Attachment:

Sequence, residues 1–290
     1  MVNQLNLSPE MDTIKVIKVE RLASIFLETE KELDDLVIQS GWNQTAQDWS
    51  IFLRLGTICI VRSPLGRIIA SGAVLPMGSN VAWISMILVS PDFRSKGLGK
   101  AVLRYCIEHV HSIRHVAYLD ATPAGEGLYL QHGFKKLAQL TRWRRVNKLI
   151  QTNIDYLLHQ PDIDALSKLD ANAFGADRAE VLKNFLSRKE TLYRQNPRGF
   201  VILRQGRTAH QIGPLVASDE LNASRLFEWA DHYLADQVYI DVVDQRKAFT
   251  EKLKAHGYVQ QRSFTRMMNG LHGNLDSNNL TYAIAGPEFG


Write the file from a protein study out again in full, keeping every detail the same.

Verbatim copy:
Sequence, residues 1–290
     1  MVNQLNLSPE MDTIKVIKVE RLASIFLETE KELDDLVIQS GWNQTAQDWS
    51  IFLRLGTICI VRSPLGRIIA SGAVLPMGSN VAWISMILVS PDFRSKGLGK
   101  AVLRYCIEHV HSIRHVAYLD ATPAGEGLYL QHGFKKLAQL TRWRRVNKLI
   151  QTNIDYLLHQ PDIDALSKLD ANAFGADRAE VLKNFLSRKE TLYRQNPRGF
   201  VILRQGRTAH QIGPLVASDE LNASRLFEWA DHYLADQVYI DVVDQRKAFT
   251  EKLKAHGYVQ QRSFTRMMNG LHGNLDSNNL TYAIAGPEFG